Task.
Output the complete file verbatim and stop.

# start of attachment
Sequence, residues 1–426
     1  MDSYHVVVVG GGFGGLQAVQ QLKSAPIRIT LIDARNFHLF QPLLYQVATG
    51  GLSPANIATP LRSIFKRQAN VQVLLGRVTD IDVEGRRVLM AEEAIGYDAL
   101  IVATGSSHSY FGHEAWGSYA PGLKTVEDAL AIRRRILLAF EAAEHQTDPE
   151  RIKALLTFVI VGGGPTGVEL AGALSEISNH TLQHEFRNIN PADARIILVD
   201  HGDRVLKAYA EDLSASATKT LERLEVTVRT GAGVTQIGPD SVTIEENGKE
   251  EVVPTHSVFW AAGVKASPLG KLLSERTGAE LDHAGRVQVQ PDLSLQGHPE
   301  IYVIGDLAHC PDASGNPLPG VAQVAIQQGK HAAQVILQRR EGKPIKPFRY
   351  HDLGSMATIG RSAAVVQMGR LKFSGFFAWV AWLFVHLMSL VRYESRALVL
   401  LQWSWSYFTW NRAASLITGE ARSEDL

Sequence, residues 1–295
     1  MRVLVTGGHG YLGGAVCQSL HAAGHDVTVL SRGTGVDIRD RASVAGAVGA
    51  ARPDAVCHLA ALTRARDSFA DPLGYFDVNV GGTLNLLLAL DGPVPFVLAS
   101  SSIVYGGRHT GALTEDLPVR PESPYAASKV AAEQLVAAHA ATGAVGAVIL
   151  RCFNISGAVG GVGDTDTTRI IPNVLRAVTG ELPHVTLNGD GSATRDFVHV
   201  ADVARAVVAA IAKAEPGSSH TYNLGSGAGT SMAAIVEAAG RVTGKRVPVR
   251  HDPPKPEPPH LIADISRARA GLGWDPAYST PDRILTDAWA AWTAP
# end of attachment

Sequence, residues 1–426
     1  MDSYHVVVVG GGFGGLQAVQ QLKSAPIRIT LIDARNFHLF QPLLYQVATG
    51  GLSPANIATP LRSIFKRQAN VQVLLGRVTD IDVEGRRVLM AEEAIGYDAL
   101  IVATGSSHSY FGHEAWGSYA PGLKTVEDAL AIRRRILLAF EAAEHQTDPE
   151  RIKALLTFVI VGGGPTGVEL AGALSEISNH TLQHEFRNIN PADARIILVD
   201  HGDRVLKAYA EDLSASATKT LERLEVTVRT GAGVTQIGPD SVTIEENGKE
   251  EVVPTHSVFW AAGVKASPLG KLLSERTGAE LDHAGRVQVQ PDLSLQGHPE
   301  IYVIGDLAHC PDASGNPLPG VAQVAIQQGK HAAQVILQRR EGKPIKPFRY
   351  HDLGSMATIG RSAAVVQMGR LKFSGFFAWV AWLFVHLMSL VRYESRALVL
   401  LQWSWSYFTW NRAASLITGE ARSEDL

Sequence, residues 1–295
     1  MRVLVTGGHG YLGGAVCQSL HAAGHDVTVL SRGTGVDIRD RASVAGAVGA
    51  ARPDAVCHLA ALTRARDSFA DPLGYFDVNV GGTLNLLLAL DGPVPFVLAS
   101  SSIVYGGRHT GALTEDLPVR PESPYAASKV AAEQLVAAHA ATGAVGAVIL
   151  RCFNISGAVG GVGDTDTTRI IPNVLRAVTG ELPHVTLNGD GSATRDFVHV
   201  ADVARAVVAA IAKAEPGSSH TYNLGSGAGT SMAAIVEAAG RVTGKRVPVR
   251  HDPPKPEPPH LIADISRARA GLGWDPAYST PDRILTDAWA AWTAP